ESP8266 BASIC Sets Up a Web Remote in No Time

One of the sticking points for us with our own Internet of Things is, ironically, the Internet part. We build hardware happily, but when it comes time to code up web frontends to drive it all, the thrill is gone and the project is only half-done.

Including some simple web-based scripting functionality along with the microcontroller basics is one of the cleverest tricks up ESP8266 BASIC’s sleeves. BASIC author [mmiscool] puts it to good use in this short demo: a complete learning IR remote control that’s driven through a web interface, written in just a few lines of BASIC.

Note that everything happens inside the ESP8266 here, from hosting the web page to interpreting and then blinking back out the IR LED codes to control the remote. This is a sophisticated “hello world”, the bare minimum to get you started. The interface could look slicker and the IR remote could increase its range with more current to the LED, but that would involve adding a transistor and some resistors, doubling the parts count.

For something like $10 in parts, though, this is a fun introduction to the ESP and BASIC. Other examples are simpler, but we think that this project has an awesome/effort ratio that’s hard to beat.

18 thoughts on “ESP8266 BASIC Sets Up a Web Remote in No Time

  1. Creating a rich web interface isn’t that hard especially with technologies such as angular and webdocket mqtt. The more challenging thing is to split the interface from the device itself and still be reasonably responsive. Many cloud based IoT companies do the UI well but being in the cloud makes the response time well above the Doherty threshold unless it is carefully designed to also have local control.

  2. Only one problem, it uses Basic. Seriously I’ve been forced to use basic on a project or two in the past and I’d never do it voluntarily even if the end result was acceptable. I would never use it for teaching either, it is a dusty dead end road of harmful habits.

        1. I used (and still do) BASIC in several flavors and it does not seem dead to me. The fact that it allows harmful habits does not equals that it enforces harmful habits. Don’t see any harm using it if it gets a job done in the time available.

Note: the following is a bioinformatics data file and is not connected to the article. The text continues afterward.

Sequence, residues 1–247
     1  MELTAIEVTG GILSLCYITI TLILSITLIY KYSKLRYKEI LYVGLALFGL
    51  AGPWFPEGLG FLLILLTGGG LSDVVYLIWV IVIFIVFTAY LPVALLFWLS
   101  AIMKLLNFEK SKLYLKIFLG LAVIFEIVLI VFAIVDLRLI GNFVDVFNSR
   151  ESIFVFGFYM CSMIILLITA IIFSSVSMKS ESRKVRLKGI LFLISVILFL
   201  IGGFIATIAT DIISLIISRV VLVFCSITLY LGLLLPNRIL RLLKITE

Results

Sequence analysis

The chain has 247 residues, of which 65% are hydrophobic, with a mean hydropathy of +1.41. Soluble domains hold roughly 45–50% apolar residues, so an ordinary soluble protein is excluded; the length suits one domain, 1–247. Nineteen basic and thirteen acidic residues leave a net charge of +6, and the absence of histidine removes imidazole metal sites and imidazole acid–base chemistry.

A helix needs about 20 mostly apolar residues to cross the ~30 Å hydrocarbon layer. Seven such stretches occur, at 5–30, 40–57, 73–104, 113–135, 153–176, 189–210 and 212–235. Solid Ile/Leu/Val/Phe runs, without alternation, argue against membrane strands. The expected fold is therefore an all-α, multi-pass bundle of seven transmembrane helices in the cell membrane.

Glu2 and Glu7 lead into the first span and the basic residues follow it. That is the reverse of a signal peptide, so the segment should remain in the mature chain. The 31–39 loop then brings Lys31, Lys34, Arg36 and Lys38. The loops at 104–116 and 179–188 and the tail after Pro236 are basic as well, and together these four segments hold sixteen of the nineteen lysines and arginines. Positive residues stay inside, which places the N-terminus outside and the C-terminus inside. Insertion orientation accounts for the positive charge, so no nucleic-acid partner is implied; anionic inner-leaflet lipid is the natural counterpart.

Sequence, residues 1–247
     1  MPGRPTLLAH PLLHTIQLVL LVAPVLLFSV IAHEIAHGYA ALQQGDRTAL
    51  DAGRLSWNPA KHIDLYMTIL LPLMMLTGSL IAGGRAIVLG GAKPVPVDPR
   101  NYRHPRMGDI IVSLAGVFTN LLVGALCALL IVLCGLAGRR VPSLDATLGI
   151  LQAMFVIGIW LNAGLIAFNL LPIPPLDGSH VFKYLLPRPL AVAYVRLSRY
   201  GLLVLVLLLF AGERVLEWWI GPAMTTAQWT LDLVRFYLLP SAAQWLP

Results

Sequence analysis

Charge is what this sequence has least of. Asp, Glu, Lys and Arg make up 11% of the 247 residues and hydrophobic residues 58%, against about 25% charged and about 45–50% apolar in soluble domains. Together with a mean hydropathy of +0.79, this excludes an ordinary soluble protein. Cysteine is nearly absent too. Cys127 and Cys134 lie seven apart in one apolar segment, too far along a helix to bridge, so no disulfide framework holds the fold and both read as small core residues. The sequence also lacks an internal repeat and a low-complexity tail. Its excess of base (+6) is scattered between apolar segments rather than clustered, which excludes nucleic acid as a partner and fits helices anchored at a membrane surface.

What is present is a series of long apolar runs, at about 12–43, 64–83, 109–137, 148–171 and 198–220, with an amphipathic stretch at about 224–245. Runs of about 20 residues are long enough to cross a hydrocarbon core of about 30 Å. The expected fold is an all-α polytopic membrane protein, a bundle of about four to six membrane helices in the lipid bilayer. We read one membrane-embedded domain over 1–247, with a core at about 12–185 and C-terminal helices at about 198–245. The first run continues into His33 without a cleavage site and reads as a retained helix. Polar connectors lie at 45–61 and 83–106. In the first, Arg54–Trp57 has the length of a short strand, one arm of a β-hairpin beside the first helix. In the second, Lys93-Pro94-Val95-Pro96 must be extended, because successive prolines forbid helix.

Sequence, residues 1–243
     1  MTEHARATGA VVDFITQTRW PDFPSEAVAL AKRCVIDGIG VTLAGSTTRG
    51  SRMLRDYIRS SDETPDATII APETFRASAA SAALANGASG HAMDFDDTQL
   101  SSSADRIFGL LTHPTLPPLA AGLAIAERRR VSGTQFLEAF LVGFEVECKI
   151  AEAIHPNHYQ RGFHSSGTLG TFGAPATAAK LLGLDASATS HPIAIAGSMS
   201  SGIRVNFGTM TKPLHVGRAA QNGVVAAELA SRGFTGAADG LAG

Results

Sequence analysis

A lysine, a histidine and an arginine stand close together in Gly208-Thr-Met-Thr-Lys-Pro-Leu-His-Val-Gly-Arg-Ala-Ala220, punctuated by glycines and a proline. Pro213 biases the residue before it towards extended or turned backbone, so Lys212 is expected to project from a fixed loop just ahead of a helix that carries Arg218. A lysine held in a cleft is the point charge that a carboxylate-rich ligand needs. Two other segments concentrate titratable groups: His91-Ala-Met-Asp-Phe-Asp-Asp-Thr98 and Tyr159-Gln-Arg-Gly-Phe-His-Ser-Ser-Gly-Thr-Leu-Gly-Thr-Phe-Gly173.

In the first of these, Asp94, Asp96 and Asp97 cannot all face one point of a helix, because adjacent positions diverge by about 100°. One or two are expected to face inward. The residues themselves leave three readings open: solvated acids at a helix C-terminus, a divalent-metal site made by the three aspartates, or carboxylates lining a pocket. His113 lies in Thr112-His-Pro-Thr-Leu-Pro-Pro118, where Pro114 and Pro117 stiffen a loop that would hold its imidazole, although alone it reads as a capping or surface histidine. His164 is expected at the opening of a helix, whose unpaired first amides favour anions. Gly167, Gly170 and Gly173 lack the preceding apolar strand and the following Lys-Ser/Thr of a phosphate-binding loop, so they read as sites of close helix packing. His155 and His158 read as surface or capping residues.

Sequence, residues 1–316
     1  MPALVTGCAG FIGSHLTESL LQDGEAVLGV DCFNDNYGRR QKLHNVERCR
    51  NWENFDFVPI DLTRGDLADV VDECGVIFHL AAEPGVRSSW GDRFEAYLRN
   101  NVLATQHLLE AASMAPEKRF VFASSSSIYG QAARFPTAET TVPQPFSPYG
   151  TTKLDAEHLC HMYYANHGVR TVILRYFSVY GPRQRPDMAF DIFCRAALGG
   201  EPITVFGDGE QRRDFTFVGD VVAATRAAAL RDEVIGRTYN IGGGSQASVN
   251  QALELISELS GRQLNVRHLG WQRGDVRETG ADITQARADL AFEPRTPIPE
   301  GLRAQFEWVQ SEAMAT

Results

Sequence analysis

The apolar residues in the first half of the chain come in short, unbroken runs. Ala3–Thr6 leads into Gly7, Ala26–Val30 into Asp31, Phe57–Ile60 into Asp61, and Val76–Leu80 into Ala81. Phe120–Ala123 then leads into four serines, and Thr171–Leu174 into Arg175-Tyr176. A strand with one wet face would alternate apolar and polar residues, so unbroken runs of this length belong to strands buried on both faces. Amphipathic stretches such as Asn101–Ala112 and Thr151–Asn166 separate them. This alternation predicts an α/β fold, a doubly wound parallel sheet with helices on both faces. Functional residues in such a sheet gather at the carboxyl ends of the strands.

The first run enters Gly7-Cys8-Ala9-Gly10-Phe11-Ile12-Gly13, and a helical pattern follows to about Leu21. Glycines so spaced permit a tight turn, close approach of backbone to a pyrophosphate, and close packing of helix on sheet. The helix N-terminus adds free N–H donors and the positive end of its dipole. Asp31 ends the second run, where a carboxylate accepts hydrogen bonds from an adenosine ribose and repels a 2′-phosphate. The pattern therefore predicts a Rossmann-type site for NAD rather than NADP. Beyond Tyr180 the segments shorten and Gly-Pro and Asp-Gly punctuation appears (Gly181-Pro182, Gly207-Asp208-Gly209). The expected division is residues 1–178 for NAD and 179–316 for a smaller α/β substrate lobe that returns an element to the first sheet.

Of course, it’s not as if I would insist in writing a SQL database server in BASIC, to each problem its tool.

    1. Depends what you’re doing with it. Like most tools really. For quick ‘n’ dirty, reliable, fire and forget coding, can’t go wrong. No need to worry about memory allocations and pointers and stuff like in C. Of course you don’t HAVE to use those in C either, but chances are if there’s a bug, you’re gonna end up with your sleeves rolled up, into the guts soon enough.

      BASIC’s also really easy and small to implement, and pretty much everyone knows it. And if you’re a programmer who doesn’t know BASIC, it’ll take you all of 5 minutes to get the hang.

      Of course there’s BASIC with pointers, and doublewords, and bloody object orientation. That’s taking BASIC where it was never meant to go, and has no business being. Code like that ends up looking like C even if it’s supposedly in BASIC. For C programmers who just can’t let go, I suppose.

      For quick ‘n’ dirty hardware, but also for software where it’s a decent alternative to scripting also. Like Visual Basic, back in the early days. A lot of bespoke software was really just a front-end and a bit of simple logic tying together the libraries that did the real work. So wrap a bit of BASIC around that, Bob’s yer uncle.

      BASIC has it’s place. So does awful coding. But the two don’t have to go together.

  3. I use a few ESP8266 around the house to monitor power usage at the meter, water tank temperature and controlling my garden watering. I have created a web interface (a basic API) on each ESP8266 which is called from a central computer to retrieve readings or switch relays. The readings are pushed into a Influx database for graphing or switching.

  4. The thing here is that esp8266basic allows you to do simple stuff really easily. And remotely.
    Its pretty cool, was less difficult to set up that micropython , which I also like :)

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